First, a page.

By SAM ANOKAM
The name, Maureen Ejezie, would ring a bell in the ears of those who witnessed the golden days of Nigerian music in the ‘90s. They will definitely remember the ebony dark beauty that serenaded the nation with her highlife hit, I Love Palm Wine and I No Go Lie.
Hugely influenced by the late South African music icon, Miriam Makeba and Oby Onyioha, the Delta State-born Ejezie said that the run-away hit meant to complete her album, turned out to be the chartbuster.
Twenty-two years after quitting the scene, the graduate of Federal University of Agriculture, Umudike, Umuahia and coordinator of Female Musicians Association of Nigeria (FEMAN), is back. Maureen went back memory lane as she opened up to The Entertainer on her career, family, the palm wine song and many more. Excerpts:
What has been happening to you all these years?
I would say as a showbiz person, I wasn’t out entirely but I mellowed down a little as a mother taking care of my children. I didn’t stop show business entirely. I went into the business of equipment rentals and doing some of the government shows silently as well. Now, I want to start the normal things that I do. I stopped them long time ago.
Have you released any other album apart from I Love Palmwine?
Yes. Apart from I Love Palmwine, I No Go Lie that I released in 1990 when I was doing my youth service, I have released a few others like Proud to Be A Nigerian and Delta My State. I did that for Delta State.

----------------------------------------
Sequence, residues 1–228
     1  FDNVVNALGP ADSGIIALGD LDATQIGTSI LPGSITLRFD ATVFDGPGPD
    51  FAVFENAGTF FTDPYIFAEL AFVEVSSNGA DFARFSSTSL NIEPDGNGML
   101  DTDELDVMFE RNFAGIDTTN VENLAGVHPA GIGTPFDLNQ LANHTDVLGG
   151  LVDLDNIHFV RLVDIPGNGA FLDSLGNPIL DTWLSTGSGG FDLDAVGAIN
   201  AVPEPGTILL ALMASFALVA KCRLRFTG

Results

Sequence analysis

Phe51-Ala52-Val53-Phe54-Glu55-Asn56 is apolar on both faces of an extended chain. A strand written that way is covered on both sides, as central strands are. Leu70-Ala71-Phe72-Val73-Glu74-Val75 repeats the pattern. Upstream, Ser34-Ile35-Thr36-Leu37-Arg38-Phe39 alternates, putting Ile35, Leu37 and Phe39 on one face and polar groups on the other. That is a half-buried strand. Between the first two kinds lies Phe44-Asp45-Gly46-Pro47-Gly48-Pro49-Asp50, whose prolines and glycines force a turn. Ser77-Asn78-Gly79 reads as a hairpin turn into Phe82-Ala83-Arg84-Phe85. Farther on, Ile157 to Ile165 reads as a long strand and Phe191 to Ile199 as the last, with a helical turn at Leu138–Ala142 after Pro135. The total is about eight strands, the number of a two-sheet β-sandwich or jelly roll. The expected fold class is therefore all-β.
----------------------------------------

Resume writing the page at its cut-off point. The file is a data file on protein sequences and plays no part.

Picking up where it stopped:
We didn’t hear much about Proud to Be a Nigerian, what happened?
It was a little popular because over a thousand flags were used. Up till now, they play it on air. Most times, on October 1. Even NTA still plays it.
What inspired the palmwine song?
When I was in the higher institution, I was a Kegite and still am. Once a Kegite is always a Kegite. I was actually looking for a song to complete the album and my elder brother said, ‘why not use the song that you always sing in the house, in the kitchen and all that to complete the album?’ And behold, I love Palmwine song that we wanted to use to complete the album became the hit. Even the others didn’t make it. I love Palmwine became the title of the album.
Why the song at that time?
I saw it from the angle of the fact that the yeast in the palmwine is medicinal and most people are not taking it. I saw it as a drink that people should take especially as we produce it. For the fact that there is yeast that clears the eyes and all that, that should be our drink.
How was it being a female member of the Kegite club in school?
It was fun. I was their treasurer.
How come you read Agricultural Science and ended up a musician?
I actually wanted to do music but it wasn’t possible and my mum was a headmistress at that time. My mum insisted that if I must sing, I must be a graduate. And whether I sing or not, I must be a graduate. So, I had to go and read Agric Science to satisfy my mum.
Popular producer and director, Chico Ejiro too studied Agricultural Science. We were in the same school and graduated the same year. We served at the same time and were very close when in school.
What was the major challenge of producing the palmwine song?